"We our newest servers into virtual clusters to make better use of all those core."
    Missing "s" and missing word. I guessed "combine".
    "We combine our newest servers into virtual clusters to make better use of all those cores."

    "For reasons unknown to us, we could get our 2.7 GHz 8280 to perform much better than the 2.1 GHz Xeon 8176."
    The 8280 is only slightly faster in the table than the 8176. It is the 8180 that is missing from the table.

    "However, since my group is mostly using TensorFlow as a deep learning framework, we tend to with stick with it."
    Excess "with":
    "However, since my group is mostly using TensorFlow as a deep learning framework, we tend to stick with it."

    "It has been observed that using a larger batch can causes significant degradation in the quality of the model,..."
    Remove plural form:
    "It has been observed that using a larger batch can cause significant degradation in the quality of the model,..."

    "...but in many applications a loss of even a few percent is a significant."
    Excess "a":
    "...but in many applications a loss of even a few percent is significant."

    "LSTM however come with the disadvantage that they are a lot more bandwidth intensive."
    Add an "s":
    "LSTMs however come with the disadvantage that they are a lot more bandwidth intensive."

    "LSTMs exhibit quite inefficient memory access pattern when executed on mobile GPUs due to the redundant data movements and limited off-chip bandwidth."
    "pattern" should be plural because "LSTMs" is plural, I choose an "s":
    "LSTMs exhibit quite inefficient memory access patterns when executed on mobile GPUs due to the redundant data movements and limited off-chip bandwidth."

    "Of course, you have the make the most of the available AVX/AVX2/AVX512 SIMD power."
    "to" not "the":
    "Of course, you have to make the most of the available AVX/AVX2/AVX512 SIMD power."

    "Also, this another data point that proves that CNNs might be one of the best use cases for GPUs."
    Missing "is":
    "Also, this is another data point that proves that CNNs might be one of the best use cases for GPUs."

    "From a high-level workflow perfspective,..."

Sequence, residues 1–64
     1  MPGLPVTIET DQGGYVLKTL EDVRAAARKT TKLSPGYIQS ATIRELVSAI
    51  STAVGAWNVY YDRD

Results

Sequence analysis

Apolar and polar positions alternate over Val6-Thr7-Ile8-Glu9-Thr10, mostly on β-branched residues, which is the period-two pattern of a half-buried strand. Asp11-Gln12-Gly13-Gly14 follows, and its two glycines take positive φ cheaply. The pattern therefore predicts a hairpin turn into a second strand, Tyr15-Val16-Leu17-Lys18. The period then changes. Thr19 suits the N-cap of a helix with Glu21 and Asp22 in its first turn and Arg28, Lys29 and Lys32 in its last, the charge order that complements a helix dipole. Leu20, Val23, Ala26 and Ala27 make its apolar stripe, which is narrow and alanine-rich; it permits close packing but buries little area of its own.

A joke, or a misspelling?

    "... it's not enough if the new chips have to go head-to-head with a GPU in a task the latter doesn't completely suck at."
    Traditionally, AT has had no language.
    "... it's not enough if the new chips have to go head-to-head with a GPU in a task the latter is good at."

    "It is been going on for a while,..."
    "has" not "is":
    "It has been going on for a while,..."
    Reply
  • ballsystemlord - Saturday, August 03, 2019 - link

    Thanks for the cool article! Reply
  • tmnvnbl - Tuesday, August 06, 2019 - link

    Great read, especially liked the background and perspective next to the benchmark details Reply
  • dusk007 - Tuesday, August 06, 2019 - link

    Great Article.
    I wouldn't call Apache Arrow a database though. It is a data format more akin to a file format like csv or parquet. It is not something that stores data for you and gives it to you. It is the how to store data in memory. Like CSV or Parquet are a "how to" store data in Files. More efficient less redundancy less overhead when access from different runtimes (Tensorflow, Spark, Pandas,..).

    Love the article, I hope we get more of those. Also that huge performance optimizations are possible in this field just in software. Often renting compute in the cloud is cheaper than the man hours required to optimize though.
    Reply
  • Emrickjack - Thursday, August 08, 2019 - link

    Johan's new piece in 14 months! Looking forward to your Rome review Reply
  • Emrickjack - Thursday, August 08, 2019 - link

    It More Information http://americanexpressconfirmcard.club/ Reply

Log in

Don't have an account? Sign up now